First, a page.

Headlines: Poker, Law, and Politics (11/01/07)

deval_110107.jpg


articles:

Illegal gambling ring busted by Stamford police (The Stamford Times, 10/31/07)

Officials say they can’t predict gambling’s social costs (Boston Globe, 11/01/07)

Candidates gambling on casino issue, but voters get last say (WFIE, 10/31/07)

Poker grows at area tracks, but racing handle drops (Tampa Bay Business Journal, 10/31/07)

Oregon and D.C.: The Odds Couple (Willamette Week, 10/31/07)

Analysis – PartyGaming seen as unlikely target for US casino players in coming years due to UIGEA, outstanding legal issues (Financial Times, 10/30/07)

Duplicate poker has arrived (The Desert Sun, 11/01/07)

Sin Cities on a Hill (Reason, 10/2006)

media:
Patrick Defends Casino Proposal (WCVR-TV, 10/31/07)

excerpts:
Illegal gambling ring busted by Stamford police (The Stamford Times, 10/31/07)
“The poker games were considered illegal because the house kept a percentage of the money put into the poker game. Low wage poker games between parties who can prove a relationship between one another are legal in Connecticut. Police are looking into the gambling operation’s possible ties to organized crime.”

Officials say they can’t predict gambling’s social costs (Boston Globe, 11/01/07)
“Botticelli, Health and Human Services Secretary JudyAnn Bigby, and Public Health Commissioner John Auerbach defended Patrick’s proposal yesterday, saying the state would mitigate social problems by setting aside millions of dollars to fight gambling addiction. “The bill includes some of the most aggressive funding and regulatory structures of any state in the country to make sure that we are able to prevent and mitigate the potential negative impact of gambling in Massachusetts,” Bigby said.”

Candidates gambling on casino issue, but voters get last say (WFIE, 10/31/07)
“The Kentucky governor’s race has at times mirrored a high-stakes poker game. Governor Fletcher and Democratic challenger Steve Beshear bet the house – or at least their campaigns – on whether the state should legalize casino gambling. Fletcher opposes the idea, while Beshear says that as governor he’ll work to pass a constitutional amendment that would clear a path for casinos.”

Poker grows at area tracks, but racing handle drops (Tampa Bay Business Journal, 10/31/07)
“Neither Tampa Greyhound nor Tampa Bay Downs had card rooms open last year because the old regulations required live racing to operate the poker rooms. The new law passed last July allows year-round card rooms with higher limits. Card rooms have prospered under the new rules with receipts growing 76.6 percent in September, but the added revenue still hasn’t offset the declining state of pari-mutual racing.”

Oregon and D.C.: The Odds Couple (Willamette Week, 10/31/07)
“Out-of-state online horse racing is illegal in most states. But in 1999, the Oregon Legislature made the state a national leader in multijurisdictional horse betting by making it legal for out-of-state gamblers to wager on races worldwide through Oregon-licensed advance deposit wagering companies, or ADWs. An ADW lets gamblers set up online accounts to bet. A gambler with a laptop in Siberia can bet on horse races in South Africa, and the electronic transfer could take place in Oregon.”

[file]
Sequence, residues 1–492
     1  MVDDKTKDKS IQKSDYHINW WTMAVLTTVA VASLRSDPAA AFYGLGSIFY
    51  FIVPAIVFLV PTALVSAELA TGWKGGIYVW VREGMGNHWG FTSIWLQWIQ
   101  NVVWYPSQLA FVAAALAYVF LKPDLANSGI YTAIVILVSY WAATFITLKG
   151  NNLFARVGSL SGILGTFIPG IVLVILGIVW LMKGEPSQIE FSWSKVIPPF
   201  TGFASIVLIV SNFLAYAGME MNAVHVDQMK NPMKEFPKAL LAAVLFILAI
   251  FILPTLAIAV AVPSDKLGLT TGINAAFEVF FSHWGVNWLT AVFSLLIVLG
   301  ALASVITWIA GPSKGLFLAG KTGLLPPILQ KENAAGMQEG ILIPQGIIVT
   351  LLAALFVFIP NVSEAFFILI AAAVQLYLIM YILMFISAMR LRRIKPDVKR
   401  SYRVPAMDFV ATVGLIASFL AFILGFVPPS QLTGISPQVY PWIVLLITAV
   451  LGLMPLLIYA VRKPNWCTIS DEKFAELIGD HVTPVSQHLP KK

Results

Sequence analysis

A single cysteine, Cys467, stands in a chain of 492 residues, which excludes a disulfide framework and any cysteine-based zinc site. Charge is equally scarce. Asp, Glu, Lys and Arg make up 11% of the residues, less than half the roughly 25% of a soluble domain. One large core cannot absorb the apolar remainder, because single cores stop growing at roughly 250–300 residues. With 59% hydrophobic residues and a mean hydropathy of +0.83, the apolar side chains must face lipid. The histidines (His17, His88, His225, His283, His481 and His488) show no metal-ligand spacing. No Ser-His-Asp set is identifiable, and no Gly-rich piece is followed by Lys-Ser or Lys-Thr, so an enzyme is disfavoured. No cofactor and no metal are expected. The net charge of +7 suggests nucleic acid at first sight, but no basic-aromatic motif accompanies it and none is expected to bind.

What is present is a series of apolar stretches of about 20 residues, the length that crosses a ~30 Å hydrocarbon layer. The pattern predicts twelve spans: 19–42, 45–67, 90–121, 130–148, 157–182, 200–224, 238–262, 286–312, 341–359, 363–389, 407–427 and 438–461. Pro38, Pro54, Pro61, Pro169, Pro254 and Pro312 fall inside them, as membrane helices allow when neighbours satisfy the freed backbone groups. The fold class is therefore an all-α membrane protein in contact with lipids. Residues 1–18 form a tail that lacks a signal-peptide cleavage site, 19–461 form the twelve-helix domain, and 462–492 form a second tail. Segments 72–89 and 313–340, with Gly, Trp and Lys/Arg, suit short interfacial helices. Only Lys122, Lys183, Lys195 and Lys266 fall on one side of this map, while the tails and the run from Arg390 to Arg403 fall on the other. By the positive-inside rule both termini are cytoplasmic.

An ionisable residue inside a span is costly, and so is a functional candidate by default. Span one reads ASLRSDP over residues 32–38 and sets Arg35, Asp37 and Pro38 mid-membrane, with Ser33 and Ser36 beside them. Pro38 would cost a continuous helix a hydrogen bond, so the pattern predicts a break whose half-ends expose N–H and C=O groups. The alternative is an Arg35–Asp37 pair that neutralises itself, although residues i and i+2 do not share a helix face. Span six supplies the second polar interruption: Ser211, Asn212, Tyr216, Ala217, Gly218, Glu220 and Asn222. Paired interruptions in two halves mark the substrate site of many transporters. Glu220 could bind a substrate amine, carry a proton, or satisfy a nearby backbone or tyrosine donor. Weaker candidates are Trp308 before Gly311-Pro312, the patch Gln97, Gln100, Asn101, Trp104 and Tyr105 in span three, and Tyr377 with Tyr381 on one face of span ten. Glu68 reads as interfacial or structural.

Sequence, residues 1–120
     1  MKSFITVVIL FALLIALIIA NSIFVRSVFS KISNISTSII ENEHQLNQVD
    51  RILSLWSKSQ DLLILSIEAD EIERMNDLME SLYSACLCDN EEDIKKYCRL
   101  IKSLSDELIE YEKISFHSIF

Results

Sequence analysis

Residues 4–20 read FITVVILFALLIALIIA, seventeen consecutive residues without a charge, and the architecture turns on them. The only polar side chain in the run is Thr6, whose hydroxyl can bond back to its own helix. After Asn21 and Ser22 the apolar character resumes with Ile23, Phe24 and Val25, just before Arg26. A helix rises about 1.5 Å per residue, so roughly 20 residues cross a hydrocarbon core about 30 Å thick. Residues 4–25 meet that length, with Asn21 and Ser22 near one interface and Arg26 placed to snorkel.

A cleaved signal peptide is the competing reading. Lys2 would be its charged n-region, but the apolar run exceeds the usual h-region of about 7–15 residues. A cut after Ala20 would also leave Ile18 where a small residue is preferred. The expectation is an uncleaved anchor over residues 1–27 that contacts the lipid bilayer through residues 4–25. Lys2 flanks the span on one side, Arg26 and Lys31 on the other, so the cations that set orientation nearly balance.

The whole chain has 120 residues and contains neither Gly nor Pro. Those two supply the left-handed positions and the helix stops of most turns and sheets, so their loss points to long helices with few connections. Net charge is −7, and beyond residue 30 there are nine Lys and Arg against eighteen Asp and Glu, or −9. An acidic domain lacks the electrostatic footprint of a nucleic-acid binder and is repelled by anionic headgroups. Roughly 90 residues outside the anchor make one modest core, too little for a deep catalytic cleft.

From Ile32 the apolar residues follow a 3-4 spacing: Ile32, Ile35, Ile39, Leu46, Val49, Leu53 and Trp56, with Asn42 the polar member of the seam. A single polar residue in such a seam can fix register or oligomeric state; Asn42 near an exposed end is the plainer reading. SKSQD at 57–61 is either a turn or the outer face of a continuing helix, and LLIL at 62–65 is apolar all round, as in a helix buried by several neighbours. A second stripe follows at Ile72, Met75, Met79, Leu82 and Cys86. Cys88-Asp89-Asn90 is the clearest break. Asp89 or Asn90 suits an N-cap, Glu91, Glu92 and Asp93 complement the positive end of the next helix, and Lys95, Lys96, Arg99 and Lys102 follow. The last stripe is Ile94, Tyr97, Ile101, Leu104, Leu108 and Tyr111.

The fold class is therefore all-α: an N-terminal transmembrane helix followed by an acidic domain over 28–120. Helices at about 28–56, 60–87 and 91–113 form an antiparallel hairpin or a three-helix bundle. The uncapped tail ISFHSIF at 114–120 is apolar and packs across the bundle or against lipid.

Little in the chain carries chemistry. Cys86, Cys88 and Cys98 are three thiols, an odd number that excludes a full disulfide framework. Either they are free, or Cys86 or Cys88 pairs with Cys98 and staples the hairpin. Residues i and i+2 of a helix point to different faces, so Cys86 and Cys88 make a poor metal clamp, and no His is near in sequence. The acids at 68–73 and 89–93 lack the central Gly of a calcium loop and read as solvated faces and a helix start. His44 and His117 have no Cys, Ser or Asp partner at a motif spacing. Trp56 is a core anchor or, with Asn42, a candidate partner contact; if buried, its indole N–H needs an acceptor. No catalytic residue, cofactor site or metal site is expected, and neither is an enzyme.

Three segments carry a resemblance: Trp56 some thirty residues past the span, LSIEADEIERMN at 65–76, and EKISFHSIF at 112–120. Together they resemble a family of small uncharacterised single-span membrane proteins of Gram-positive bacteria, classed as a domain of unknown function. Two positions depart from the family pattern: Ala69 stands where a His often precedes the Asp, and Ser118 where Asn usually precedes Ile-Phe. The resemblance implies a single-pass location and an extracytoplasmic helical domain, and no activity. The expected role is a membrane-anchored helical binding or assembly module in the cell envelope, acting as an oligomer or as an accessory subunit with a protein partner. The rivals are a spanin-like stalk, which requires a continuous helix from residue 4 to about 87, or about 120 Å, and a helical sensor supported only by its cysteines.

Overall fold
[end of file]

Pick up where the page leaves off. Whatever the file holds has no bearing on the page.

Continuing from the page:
Analysis – PartyGaming seen as unlikely target for US casino players in coming years due to UIGEA, outstanding legal issues (Financial Times, 10/30/07)
“PartyGaming will only be a desirable target for potential US casino players in the coming years, a UK e-gaming executive said. Fall-out from the Unlawful Internet Gambling Enforcement Act [UIGEA] and outstanding legal issues with the US department of Justice [DoJ] mean the UK-listed online gaming firm is unlikely to be attractive for US buyers for the next five to eight years, the executive said.”

Duplicate poker has arrived (The Desert Sun, 11/01/07)
“A final point is that I’m am not so sure that the “legalization” of online duplicate poker is a first step towards abolishment of the reprehensible UIGEA. In fact, it could be a setback, as it implies that regular poker is less a game of skill. And it clouds the real issue – not which variation of a game is being played, but our freedom to choose what we do in the privacy of our homes.”

Sin Cities on a Hill (Reason, 10/2006)
“How exactly did legal, overt, domesticated gambling become a standard feature of Main Street? Today in America, it’s actually easier to buy a lottery ticket than a Big Mac: There are more than 185,000 outlets where you can buy the former, only 13,700 that sell the latter. But does this mean the proliferation of legalized gambling has transformed us from productive, hard-working Puritans into incorrigible gluttons of chance? Or are we simply expressing appetites we’ve had all along?”

media:

Patrick Defends Casino Proposal (WCVR-TV, 10/31/07)

“Patrick’s bill would devote 2.5 percent of the gambling revenues collected by the state to fight addiction and other related problems, It would be the largest such fund in the country. The executive director of the Massachusetts Council on Compulsive Gambling, who welcomes the influx of cash, said you can’t ban something that 95 percent of the population has no problem with.”

Advertisements

Leave a Reply

Fill in your details below or click an icon to log in:

WordPress.com Logo

You are commenting using your WordPress.com account. Log Out / Change )

Twitter picture

You are commenting using your Twitter account. Log Out / Change )

Facebook photo

You are commenting using your Facebook account. Log Out / Change )

Google+ photo

You are commenting using your Google+ account. Log Out / Change )

Connecting to %s